- Nanowires: Nanowires are nanoscale cylindrical structures with a diameter on the order of a few nanometers to several hundred nanometers, and a length that can be several micrometers to millimeters. They can be made of various materials, such as metals, semiconductors, and insulators. Nanowires have unique properties due to their small size, such as high surface-to-volume ratio and quantum confinement effects, that make them useful for a range of applications in electronics, energy, and biomedicine. For example, nanowires can be used as electrical conductors, transistors, and battery electrodes.
- Nanoporous materials: Nanoporous materials are materials with pores or voids on the nanometer scale (typically 1-100 nm). These pores can be uniform in size or have a controlled distribution of pore sizes. Nanoporous materials have a high surface-to-volume ratio, which makes them useful for various applications such as catalysis, separations, energy storage, and drug delivery. Some examples of nanoporous materials include zeolites, metal-organic frameworks (MOFs), and silica aerogels. The pore structure and size can be tailored to meet specific requirements, making nanoporous materials versatile and useful in a wide range of applications.
- Nanocomposites: Nanocomposites are materials that consist of a matrix and nanoscale fillers (typically 1-100 nm) dispersed within it. The nanoscale fillers can be made of various materials, such as nanoparticles, nanotubes, and nanofibers, and can greatly enhance the properties of the matrix material. The small size of the fillers results in a large surface area, which can improve the mechanical, thermal, electrical, and optical properties of the nanocomposite. Nanocomposites have a wide range of applications, including in materials science, electronics, energy, and biomedicine. For example, they can be used as stronger and lighter materials, as catalysts, and as drug delivery systems.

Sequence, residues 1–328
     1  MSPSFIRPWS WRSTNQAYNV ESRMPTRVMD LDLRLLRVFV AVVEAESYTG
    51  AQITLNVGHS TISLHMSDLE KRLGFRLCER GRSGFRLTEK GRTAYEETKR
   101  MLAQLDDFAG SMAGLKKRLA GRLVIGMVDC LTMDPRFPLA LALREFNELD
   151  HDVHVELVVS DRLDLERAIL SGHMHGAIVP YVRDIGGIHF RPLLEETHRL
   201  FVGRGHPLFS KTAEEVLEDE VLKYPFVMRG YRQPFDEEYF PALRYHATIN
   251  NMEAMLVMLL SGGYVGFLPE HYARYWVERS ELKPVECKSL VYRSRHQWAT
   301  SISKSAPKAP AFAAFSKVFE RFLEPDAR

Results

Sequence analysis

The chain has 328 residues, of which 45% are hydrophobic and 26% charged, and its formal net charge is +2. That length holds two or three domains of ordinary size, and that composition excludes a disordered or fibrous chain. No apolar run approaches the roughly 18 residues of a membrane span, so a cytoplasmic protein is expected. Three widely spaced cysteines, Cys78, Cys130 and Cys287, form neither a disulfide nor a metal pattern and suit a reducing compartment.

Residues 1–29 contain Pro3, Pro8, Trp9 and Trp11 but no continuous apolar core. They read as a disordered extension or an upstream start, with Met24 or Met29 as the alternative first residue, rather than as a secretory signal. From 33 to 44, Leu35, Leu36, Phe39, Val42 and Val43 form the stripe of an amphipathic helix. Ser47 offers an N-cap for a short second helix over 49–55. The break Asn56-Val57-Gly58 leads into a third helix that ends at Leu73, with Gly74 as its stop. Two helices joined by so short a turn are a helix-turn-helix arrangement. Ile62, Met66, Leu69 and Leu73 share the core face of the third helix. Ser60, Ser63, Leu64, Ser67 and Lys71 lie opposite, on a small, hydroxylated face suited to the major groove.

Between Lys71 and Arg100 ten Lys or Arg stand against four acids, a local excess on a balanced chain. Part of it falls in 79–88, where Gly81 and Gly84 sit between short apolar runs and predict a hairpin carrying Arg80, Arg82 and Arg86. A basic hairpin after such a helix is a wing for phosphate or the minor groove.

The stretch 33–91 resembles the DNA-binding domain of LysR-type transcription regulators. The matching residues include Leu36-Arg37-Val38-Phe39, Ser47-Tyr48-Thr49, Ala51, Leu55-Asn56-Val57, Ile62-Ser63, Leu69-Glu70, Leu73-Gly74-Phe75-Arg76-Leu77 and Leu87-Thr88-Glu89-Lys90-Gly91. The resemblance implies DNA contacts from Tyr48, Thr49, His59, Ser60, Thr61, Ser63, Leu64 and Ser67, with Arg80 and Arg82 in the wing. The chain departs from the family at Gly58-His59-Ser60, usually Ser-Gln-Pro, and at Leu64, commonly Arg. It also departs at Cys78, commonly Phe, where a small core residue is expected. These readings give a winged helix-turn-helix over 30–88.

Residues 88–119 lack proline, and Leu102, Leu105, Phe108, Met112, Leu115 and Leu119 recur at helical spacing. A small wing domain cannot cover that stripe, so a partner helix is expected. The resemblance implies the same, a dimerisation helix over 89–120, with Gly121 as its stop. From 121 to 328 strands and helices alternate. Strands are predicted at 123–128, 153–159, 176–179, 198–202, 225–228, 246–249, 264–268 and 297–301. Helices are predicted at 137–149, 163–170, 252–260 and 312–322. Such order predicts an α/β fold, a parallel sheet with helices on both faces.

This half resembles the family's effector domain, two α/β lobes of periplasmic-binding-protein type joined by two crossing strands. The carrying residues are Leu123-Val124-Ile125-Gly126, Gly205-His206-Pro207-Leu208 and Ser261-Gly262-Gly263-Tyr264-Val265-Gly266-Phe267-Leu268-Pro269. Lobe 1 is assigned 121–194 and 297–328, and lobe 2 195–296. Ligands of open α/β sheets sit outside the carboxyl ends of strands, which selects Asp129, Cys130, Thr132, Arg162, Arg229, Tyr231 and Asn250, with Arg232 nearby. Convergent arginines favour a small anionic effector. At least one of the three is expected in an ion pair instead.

- Nanolaminates: Nanolaminates are multi-layer materials that consist of alternating thin layers of different materials on the nanometer scale (typically 1-100 nm). The individual layers can be made of various materials, such as metals, ceramics, and polymers, and the combination of different materials results in new properties and functions. The properties of nanolaminates can be tailored by controlling the composition and thickness of each layer, making them useful for a wide range of applications. Nanolaminates are used in areas such as electronics, energy, and materials science, for example, as high-strength and high-temperature materials, as catalysts, and as protective coatings.
- Nanograins: Nanograins are small grains or particles on the nanometer scale (typically 1-100 nm) that can form in materials. They can occur naturally or be produced artificially through processes such as ball milling, electron beam irradiation, or laser ablation. Nanograins have unique properties compared to larger grains, such as improved mechanical, thermal, and electrical properties, due to their high surface-to-volume ratio and quantum confinement effects. Nanograins have a wide range of applications in fields such as materials science, electronics, and energy. For example, they can be used as high-strength materials, as catalysts, and as battery electrodes.
- Nanofibers: Nanofibers are ultra-thin fibers with a diameter on the nanometer scale (typically 1-100 nm). They can be made from various materials such as polymers, ceramics, and metals, and can be produced using techniques such as electrospinning, template-assisted synthesis, and self-assembling. Nanofibers have a high surface-to-volume ratio, which gives them unique properties, such as high mechanical strength, high thermal stability, and high porosity. They have a wide range of applications in fields such as materials science, electronics, energy, and biomedicine. For example, they can be used as high-strength and high-temperature materials, as filtration membranes, and as drug delivery systems.
The properties of nanostructures are highly dependent on their size, shape, and composition, and they are often synthesized using techniques such as chemical synthesis, physical vapor deposition, and self-assembly. Their unique properties make nanostructures an important area of research, with potential applications in areas such as catalysis, electronics, energy, and biomedicine.